Gladiators were a mix of slaves, prisoners of war, and some freed men who pursued this to make money. They fought 3 to 5 times a year ad could buy their freedom from their winnings—if they made it far enough.

In 523 AD, the “games” were abolished by the Christians. The Colosseum then was used to shelter the homeless and animals. It fell into ruin and was pilfered for its stone for other building projects, like St. Peter’s Basilica.

Take a tour to learn about the history of this magnificent structure. And make sure you visit the Underground, which was opened in 2020 after years of excavation.

The Colosseum is located at Piazza del Colosseo, 1, 00184 Roma RM, Italy. It’s open daily from 9 to 4:30.

Ticket Purchase Tip

Be very careful to read the fine print when purchasing your ticket to the Colosseum. This is true whether you purchase directly from the Colosseum, or a tour.

If your ticket doesn’t mention the Arena or the Underground, they likely aren’t included with your ticket. You may want to see both, and I do recommend the full ticket. Here is a small group tour that includes the Arena and the Underground.

If you want to save cost and don’t care, you can do so by just purchasing a ticket to the Colosseum that does not include these areas.

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Colosseum

Roman Forum (Fori Romani)

Head through the arch of Constantine to the Roman Forum. It was built 250 years after the Colosseum in around 320 AD to commemorate a military victory of sorts. (This was for the destruction of the temple in Jerusalem, which pre-dated the arch).

There are some interesting historical carvings on the inside of the arch worth seeing. There is a parade led through the arch on the anniversary. The arch is the main entrance to the forum. Upon the hill to the left is Palatine Hill, the site of the Emporer’s Palace of Caligula. If you have time, this is also worth seeing.

Follow the “Sacred Way,” the main Roman road to enter the main squares of the ancient city. It was the area where people gathered. There are many different temples, government buildings, and public squares.

It was largely buried by mud by the 1500s and became a swamp, later used as a cow pasture as the city moved towards the area with the Pantheon. When it was later excavated, they found the majesty of this area and it’s now a beloved treasure.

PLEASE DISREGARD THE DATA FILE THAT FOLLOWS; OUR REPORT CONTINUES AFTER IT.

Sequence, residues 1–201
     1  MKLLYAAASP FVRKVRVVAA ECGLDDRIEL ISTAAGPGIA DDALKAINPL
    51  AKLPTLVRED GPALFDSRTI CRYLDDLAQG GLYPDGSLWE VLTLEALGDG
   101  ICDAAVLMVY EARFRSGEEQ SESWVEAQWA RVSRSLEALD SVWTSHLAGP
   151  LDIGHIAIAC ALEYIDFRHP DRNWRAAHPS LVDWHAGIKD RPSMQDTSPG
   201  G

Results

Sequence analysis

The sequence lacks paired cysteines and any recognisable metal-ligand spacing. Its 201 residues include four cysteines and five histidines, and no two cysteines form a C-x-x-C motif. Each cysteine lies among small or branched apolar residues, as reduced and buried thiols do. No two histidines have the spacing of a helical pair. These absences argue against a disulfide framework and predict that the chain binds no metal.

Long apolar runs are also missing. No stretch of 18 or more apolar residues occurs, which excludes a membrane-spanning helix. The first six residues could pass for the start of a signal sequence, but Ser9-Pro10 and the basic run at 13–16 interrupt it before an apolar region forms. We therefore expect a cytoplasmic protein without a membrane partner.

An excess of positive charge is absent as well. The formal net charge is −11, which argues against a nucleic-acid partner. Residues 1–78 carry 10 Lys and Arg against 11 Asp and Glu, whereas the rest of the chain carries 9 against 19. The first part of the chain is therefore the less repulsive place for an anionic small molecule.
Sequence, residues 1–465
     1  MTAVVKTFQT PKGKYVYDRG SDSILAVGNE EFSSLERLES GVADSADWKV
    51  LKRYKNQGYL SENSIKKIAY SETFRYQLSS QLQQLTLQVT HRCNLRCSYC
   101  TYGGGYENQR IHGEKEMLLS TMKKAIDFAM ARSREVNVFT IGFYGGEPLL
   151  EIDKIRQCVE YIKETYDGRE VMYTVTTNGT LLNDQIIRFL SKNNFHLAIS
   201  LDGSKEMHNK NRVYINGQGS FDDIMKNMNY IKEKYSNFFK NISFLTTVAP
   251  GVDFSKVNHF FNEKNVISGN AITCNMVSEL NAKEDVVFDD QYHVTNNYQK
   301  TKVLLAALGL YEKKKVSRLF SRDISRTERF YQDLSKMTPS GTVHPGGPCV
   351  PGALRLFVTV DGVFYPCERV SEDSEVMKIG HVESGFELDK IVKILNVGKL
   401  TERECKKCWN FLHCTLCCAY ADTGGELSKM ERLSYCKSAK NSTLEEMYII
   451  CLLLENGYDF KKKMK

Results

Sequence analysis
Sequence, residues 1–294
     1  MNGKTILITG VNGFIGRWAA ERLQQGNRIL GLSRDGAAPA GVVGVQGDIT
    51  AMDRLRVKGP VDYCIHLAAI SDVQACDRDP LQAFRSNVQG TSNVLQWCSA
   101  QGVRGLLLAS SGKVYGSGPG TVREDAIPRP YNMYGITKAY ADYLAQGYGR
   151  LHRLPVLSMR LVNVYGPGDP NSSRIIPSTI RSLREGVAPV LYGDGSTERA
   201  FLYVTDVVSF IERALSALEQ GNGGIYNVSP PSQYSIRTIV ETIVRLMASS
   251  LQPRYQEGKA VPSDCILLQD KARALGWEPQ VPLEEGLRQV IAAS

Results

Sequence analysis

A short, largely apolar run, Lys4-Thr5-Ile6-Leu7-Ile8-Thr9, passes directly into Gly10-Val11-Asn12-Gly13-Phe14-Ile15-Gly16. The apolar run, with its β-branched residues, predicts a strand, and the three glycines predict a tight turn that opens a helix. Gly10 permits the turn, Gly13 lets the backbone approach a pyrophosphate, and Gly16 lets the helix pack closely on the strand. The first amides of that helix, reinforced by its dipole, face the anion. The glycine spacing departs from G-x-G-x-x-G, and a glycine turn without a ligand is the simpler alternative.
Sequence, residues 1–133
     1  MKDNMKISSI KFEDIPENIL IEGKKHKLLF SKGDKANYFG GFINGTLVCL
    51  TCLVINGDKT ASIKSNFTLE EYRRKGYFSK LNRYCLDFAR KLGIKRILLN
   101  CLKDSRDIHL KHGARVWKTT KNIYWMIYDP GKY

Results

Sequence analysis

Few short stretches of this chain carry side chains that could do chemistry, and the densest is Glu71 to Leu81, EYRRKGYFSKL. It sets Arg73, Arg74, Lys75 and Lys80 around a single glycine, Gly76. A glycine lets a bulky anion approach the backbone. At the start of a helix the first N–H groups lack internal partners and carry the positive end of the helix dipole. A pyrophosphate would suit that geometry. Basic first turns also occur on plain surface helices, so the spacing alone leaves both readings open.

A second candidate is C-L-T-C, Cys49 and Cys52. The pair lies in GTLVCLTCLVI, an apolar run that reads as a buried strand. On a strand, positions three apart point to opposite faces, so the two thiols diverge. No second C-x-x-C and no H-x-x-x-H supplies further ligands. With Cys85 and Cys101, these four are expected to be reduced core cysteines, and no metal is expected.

It’s worth getting a guide to visit the Forum if you can. I visited a decade ago and, though it’s impressive, it’s not as amazing when you don’t know what you’re looking at!

Structures in the Forum

There are a number of temples including the Temple of Romulus with its stunning green bronze gate and the Temple of Antonino and Faustina. The Vesta Temple is here as well, where the Vestal Virgins lived as priestesses.

Towards the back of the forum, you’ll see a large piazza which is now a grassy space. There are remnants of a stage near the Senate, where Senators vied for power. And behind, is Capitaline Bill, one of the great hills of Rome.

Cesar was not actually killed on the steps of the Senate, as the story is told, but by the Theater of Pompeii. There’s an area remaining where his body was laid in state after nor far from the Senate.

The Roman Forum is located here on a map. It’s open from 9 to 4:30 daily.

Jewish Ghetto

Go out the back way of the Forum through the gate (to the left of the Senate) and cross the street. Pass by the Theater of Marcellus, a smaller amphitheater that pre-dates the Colosseum. Head past the Portico of Octavia, named after Julius Cesar’s sister, into the area of the Jewish Ghetto.

Most of the ghetto is gone, but the area still remembers. Though this isn’t one of the most heavily touristed areas of Rome, it’s important historically to remember. And, you’re passing through to get to the next stop so take a few minutes here to learn.

Jewish Ghetto History

The first Jews entered Rome in the 2nd century BC. They were protected by the Pope at that time. In 1555, they were confined to a small area by the Tiber. This lasted until 1870, though many stayed.

Much of the area was destroyed and rebuilt, so most of the buildings there now were not there at the time of the Ghetto. You can still walk down two narrow alleyways that once were part of the original.

The Auschwitz Deportation was on October 16, 1943, just after the Germans took control of the city. You’ll see several plaques on the buildings commemorating this date. There’s also a project to remember the victims with a gold block on the path in front of the doorway where they once lived with their name and information.

You’ll see one Jewish temple still standing in this area, the Great Synagogue of Rome. There is still a thriving Jewish population in this area and it’s an active temple. If you’re looking for a great place to eat, there are many fantastic options.